Boring Rock

More from early issues of The Engineer

19050224rockdrill1024

The Brandt Hydraulic Rock Drill

(Photo from The Engineer, 24 Feb 1905 issue, p 189, schematic – below – from p 188 ibid).

19050224rockdrillschemat1024

Brandt Hydraulic Rock Borer

1905 saw the final stages in the construction of the first of the Simplon Tunnels, to be opened in 1906, drilling courtesy of Brandau and Brandt. The rock drill shown above is the kind of machinery being used all over the world at that time. There was a certain amount of Drill Fever going on.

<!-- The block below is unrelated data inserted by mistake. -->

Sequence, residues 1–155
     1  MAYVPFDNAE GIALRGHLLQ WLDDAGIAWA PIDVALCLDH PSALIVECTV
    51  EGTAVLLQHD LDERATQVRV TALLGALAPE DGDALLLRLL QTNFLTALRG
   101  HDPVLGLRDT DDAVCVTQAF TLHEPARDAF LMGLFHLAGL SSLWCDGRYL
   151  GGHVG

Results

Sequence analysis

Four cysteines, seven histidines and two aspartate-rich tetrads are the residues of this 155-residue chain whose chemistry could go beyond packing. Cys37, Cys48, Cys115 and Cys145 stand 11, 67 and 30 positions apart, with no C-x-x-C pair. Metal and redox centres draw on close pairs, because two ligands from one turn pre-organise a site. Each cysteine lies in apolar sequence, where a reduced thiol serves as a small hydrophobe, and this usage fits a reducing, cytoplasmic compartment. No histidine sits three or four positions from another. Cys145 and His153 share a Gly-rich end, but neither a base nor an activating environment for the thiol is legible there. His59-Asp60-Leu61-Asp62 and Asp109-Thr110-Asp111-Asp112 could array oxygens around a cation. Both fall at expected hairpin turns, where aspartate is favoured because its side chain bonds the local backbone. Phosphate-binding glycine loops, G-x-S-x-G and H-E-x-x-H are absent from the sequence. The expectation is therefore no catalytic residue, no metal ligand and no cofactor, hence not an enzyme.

Ten years later, smaller rock drills would figure in Jacob Epstein’s sculpture. Go see the pictures and try not to let it remind you of Giger’s Aliens. Did Epstein get there first?

Advertisements

Underwater

How the King may travel to Paris – in Future: What the Conqueror did not foresee

Those looming ships and swarming monoplanes don’t make it look as if the tourists are particularly friendly. There’s a touch of the vortex in the drawing.

Have a look at the artist’s signature in the bottom left:

19140418futurechunnelsig

Although without the cubist angularity the sense of the unstoppability of technology is quite pronounced – and explicit, if a tad optimistic, in the accompanying text:

Once the Channel Tunnel is complete – and sooner or later it is bound to come – the tourist bound for France will have the choice of travel by land, sea and air.